Creating Your First 15 Training Videos: Bill Cushard for Propel22

You don't have to be an exceptional designer to create your training videos. Do it simple. Learn from the expert, Bill Cushard.
Shuvedha Subramaniam
March 21, 2022
Propel22
Main Illustration:
Sivaprakash

Creating Your First 15 Training Videos: Bill Cushard for Propel22

You don't have to be an exceptional designer to create your training videos. Do it simple. Learn from the expert, Bill Cushard.
Shuvedha Subramaniam
March 21, 2022
Propel22
Main Illustration:
Sivaprakash

In This Post

Bill Cushard, the GM, Partner Success of Dragonbot.ai, delivered a super enlightening workshop at Propel22 on how to create your first 15 training videos.

He primarily focused on deciding what customers need to learn, organizing a plan, prioritizing what to teach them, and predictably coming up with your first 15 training videos. He, however, refrained from going into the technical aspects of recording a video. Having the same outline for every video will help you come up with a fixed timeframe, and you can report to your bosses what your delivery dates are going to be! As a couple of bonus tips, audio matters and video recordings don't have to be complicated. The session felt like a much-needed booster for everyone to set out on their journey with the videos.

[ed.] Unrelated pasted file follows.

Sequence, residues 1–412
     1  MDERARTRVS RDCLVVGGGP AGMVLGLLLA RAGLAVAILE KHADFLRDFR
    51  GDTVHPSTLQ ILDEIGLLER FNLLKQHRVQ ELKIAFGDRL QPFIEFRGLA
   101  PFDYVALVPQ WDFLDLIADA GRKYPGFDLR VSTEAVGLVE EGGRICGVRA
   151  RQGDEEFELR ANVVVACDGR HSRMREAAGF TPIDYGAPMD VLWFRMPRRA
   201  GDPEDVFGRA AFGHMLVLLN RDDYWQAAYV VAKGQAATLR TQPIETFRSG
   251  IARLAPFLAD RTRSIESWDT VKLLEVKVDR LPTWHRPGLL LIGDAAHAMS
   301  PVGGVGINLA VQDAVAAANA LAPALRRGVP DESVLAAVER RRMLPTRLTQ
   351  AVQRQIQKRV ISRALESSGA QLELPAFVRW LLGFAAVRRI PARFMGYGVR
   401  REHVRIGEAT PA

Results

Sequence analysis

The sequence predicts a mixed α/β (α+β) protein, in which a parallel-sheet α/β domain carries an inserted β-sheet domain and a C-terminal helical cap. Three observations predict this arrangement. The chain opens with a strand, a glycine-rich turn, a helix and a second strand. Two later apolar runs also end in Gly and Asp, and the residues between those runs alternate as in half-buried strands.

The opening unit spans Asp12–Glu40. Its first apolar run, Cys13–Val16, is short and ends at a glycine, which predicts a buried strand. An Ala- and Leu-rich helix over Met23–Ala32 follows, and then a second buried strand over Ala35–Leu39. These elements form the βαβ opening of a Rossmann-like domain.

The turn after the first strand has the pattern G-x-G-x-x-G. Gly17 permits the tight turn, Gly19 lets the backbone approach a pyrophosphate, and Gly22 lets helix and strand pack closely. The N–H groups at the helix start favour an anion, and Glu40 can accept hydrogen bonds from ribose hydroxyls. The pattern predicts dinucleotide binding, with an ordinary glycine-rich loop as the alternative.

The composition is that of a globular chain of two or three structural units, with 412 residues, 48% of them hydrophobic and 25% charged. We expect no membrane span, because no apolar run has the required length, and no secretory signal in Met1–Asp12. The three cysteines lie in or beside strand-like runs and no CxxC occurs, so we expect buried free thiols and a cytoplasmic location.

See also: Customer Education - The Missing Link to Onboarding Success

The Fundamentals of Instructional Design

Instructional design is all about the learning objectives. Here are some questions you can ask yourself as a starting point:

  1. What do I want to teach my customers to do with my product?
  2. How much should I teach them in a video?
  3. How in-depth should I go?

And once you figure out the answers, everything else becomes simpler. 

So, what's a learning objective?